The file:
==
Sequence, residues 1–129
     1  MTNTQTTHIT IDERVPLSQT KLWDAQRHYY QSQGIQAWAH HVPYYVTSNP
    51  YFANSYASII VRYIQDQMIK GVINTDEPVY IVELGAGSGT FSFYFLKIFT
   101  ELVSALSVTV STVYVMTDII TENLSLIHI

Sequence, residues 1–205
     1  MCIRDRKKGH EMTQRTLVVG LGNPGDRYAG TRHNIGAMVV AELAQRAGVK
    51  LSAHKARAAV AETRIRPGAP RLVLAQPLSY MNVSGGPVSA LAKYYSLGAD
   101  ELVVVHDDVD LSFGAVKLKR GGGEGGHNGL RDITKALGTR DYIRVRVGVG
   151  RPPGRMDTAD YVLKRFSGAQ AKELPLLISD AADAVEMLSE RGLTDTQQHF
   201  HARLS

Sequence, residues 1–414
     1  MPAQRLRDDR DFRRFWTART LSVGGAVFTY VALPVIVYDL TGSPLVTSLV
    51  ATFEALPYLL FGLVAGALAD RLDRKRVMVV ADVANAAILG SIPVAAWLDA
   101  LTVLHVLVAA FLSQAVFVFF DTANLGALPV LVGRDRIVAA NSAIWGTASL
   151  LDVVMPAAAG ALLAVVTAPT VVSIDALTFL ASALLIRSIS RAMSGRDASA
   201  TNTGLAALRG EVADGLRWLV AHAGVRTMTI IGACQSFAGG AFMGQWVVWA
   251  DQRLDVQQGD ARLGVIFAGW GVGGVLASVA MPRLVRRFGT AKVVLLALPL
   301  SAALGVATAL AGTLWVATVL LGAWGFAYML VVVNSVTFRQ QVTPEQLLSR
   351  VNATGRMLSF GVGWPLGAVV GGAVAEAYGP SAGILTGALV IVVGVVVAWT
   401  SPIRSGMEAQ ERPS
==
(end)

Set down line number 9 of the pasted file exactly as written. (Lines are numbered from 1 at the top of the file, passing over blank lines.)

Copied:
   151  RPPGRMDTAD YVLKRFSGAQ AKELPLLISD AADAVEMLSE RGLTDTQQHF